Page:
Braxton Beverly, the former Perry County Central star who transferred to North Carolina State after Thad Matta’s abrupt firing at Ohio State, issued a personal statement via Twitter on Sunday night stating he was “shocked” about the NCAA’s decision to rule him ineligible and will continue his fight.
“This isn’t how this was supposed to go,” Beverly wrote in a blog post titled “Personal STATEment: Braxton Beverly.” “I had a plan. This wasn’t part of my plan.”
The NCAA has twice ruled Beverly eligible, turning down an appeal last week. He enrolled in two classes at Ohio State last summer, but four weeks later, longtime coach Matta was let go by the Buckeyes. Because of taking those two summer courses, Beverly will have to sit out a year.
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Beverly writes about the decision to enroll early, the decision to leave Ohio State and the fallout from the NCAA ruling. Beverly requested a release from his Ohio State letter of intent two weeks after Matta’s firing, and it was granted. He then applied for a waiver from NCAA transfer rules when he enrolled at N.C. State.
“When my waiver was denied the first time a few weeks ago, Coach (Kevin) Keatts was calm. He told me he didn’t agree with the decision, but he talked me through the process and told me it wasn’t over yet,” Beverly wrote. “When he told me that my appeal had been denied earlier this week, I could tell how upset he was. I took it pretty hard. I was shocked. I think Coach was too. Some of my family might have taken it even harder, my uncle probably took it the hardest out of everybody.”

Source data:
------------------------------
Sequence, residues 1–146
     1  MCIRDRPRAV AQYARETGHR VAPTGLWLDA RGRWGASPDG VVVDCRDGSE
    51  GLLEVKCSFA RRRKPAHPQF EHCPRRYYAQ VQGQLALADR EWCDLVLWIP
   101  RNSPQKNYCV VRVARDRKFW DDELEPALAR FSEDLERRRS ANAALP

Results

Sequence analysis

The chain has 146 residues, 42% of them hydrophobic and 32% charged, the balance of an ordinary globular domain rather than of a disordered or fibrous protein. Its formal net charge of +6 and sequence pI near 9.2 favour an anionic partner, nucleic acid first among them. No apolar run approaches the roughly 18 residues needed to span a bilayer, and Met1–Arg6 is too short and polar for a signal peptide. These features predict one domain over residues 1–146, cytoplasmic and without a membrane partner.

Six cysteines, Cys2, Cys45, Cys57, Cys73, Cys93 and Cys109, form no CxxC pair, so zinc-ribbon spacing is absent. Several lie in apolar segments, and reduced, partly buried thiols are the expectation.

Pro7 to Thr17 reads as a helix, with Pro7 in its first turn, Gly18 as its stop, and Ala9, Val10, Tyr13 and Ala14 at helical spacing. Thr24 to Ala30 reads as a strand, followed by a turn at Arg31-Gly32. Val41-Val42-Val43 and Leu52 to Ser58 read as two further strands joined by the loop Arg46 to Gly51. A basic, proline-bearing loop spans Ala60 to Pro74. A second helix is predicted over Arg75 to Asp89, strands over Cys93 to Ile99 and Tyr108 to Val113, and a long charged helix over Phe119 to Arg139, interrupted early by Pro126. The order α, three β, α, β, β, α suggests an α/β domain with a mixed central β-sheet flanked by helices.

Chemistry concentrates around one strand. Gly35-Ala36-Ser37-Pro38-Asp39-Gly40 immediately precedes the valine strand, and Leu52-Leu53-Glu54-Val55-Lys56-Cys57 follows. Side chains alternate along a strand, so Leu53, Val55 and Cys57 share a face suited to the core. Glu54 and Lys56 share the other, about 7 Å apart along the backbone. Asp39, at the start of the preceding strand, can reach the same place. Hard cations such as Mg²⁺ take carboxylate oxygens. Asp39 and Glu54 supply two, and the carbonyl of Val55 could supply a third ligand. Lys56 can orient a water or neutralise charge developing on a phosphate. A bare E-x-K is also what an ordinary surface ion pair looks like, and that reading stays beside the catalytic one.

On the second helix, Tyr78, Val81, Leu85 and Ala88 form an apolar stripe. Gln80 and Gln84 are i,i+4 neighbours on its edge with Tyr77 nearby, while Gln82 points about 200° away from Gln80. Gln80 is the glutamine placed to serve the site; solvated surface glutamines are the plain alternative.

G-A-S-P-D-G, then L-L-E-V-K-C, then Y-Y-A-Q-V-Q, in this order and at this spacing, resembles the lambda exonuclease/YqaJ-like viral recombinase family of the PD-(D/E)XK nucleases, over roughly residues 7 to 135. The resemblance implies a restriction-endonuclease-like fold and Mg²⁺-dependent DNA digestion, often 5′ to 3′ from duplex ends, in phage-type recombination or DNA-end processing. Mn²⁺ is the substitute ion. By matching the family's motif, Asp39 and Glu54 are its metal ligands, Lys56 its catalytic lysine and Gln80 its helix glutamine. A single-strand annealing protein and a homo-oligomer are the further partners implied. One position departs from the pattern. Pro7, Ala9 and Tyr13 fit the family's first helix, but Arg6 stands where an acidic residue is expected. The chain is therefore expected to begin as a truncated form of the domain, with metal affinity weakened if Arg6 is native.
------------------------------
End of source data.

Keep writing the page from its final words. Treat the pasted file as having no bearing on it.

Many college basketball pundits, who were stunned by the initial denial, kept up their criticism on Twitter when the appeal was denied.
“NCAA continues to make indefensible decisions,” ESPN’s Jay Bilas tweeted last week. “NC State’s Braxton Beverly’s appeal was denied by NCAA. Unconscionable. Wrong. Embarrassing.”
Beverly, a 6-foot shooting guard, committed to Ohio State last year out of Hargrave Military Academy in Chatham, Va., where he averaged 20.1 points, 6.4 assists and 2.2 steals after moving there from Kentucky. He last played for Perry County Central as a sophomore, averaging 21.1 points per game. He had been playing varsity at Perry Central since seventh grade.
“Through all of this, I am still happy with the decision to come to NC State,” Beverly wrote Sunday. “I think it was the best move for me to set me up to be the most successful man I can be.”